How to Select A Good Property Manager
The right property manager can make the difference as to whether or not you succeed as a landlord. First, have your accountant prepare a budget which includes capital improvements, advertising, taxes, insurance, vacancies and supplies. Interview a few property managers to get an idea of the range of services that are available. The property management agreement should be reviewed by your attorney.
Ask the following questions when interviewing property management companies:
- Is the property manager certified? For example, "RAM" is a national certification program sanctioned by the National Association for Home Builders and approved by the United States Department of Housing and Urban Development. The program educates, trains and certifies managers of multi-family housing. Its goal is to set professional competency standards and offer professional training.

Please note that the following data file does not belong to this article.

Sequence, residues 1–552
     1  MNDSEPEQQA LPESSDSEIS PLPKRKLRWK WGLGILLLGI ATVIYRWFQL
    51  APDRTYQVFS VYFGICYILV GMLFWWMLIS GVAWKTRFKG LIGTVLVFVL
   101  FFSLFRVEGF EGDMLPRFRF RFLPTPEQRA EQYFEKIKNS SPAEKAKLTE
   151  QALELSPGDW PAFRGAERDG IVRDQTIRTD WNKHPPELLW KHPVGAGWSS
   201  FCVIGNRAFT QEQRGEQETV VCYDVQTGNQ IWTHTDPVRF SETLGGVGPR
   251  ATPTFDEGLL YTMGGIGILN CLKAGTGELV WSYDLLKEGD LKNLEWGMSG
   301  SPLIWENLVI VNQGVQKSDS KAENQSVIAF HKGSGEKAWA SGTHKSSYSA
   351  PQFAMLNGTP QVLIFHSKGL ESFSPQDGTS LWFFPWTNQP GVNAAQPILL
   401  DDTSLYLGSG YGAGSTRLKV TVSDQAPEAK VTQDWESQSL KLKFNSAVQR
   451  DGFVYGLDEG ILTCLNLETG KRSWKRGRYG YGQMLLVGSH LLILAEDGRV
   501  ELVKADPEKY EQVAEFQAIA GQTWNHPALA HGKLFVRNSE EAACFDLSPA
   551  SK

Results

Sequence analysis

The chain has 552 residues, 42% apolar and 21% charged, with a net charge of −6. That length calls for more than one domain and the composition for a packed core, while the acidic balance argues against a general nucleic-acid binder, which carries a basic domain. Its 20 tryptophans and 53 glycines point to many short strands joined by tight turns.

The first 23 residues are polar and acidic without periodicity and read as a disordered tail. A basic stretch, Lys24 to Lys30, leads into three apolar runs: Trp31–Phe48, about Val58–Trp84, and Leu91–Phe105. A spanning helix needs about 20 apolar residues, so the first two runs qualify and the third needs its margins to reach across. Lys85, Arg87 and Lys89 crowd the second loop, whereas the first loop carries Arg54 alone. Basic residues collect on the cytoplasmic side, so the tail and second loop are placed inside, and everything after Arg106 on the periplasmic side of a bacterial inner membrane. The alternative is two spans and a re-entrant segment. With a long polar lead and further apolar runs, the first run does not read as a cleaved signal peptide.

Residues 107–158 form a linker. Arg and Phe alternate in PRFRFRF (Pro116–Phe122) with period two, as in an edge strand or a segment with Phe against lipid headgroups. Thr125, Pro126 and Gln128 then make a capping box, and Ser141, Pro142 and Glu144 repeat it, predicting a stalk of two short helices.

- Is the property manager a licensed real estate broker? In order to collect rents or lease real estate, the property manager must have a broker's license.
- What are the names, addresses and phone numbers of the manager's references?
- Are there any past or pending discrimination complaints against the company?
- What services does the basic fee cover? (e.g. ordering and supervising repairs, paying bills, financial management, emergency services, collecting rents and leasing.) What services will cost extra? The fee is usually a percentage of gross rental income.
- Are the employees bonded?
- What experience do the key employees have?
- Does the company use subcontractors?
- Are evictions started at the owner's direction and by the owner's attorney? Even if the owner has given the manager a power of attorney, the manager cannot handle the eviction for the owner. Either the owner or his attorney must appear in court.
It is the unauthorized practice of law for a non-attorney managing agent to draft and file legal documents, appear on behalf of owners in court and make legal and factual arguments on behalf of the owner.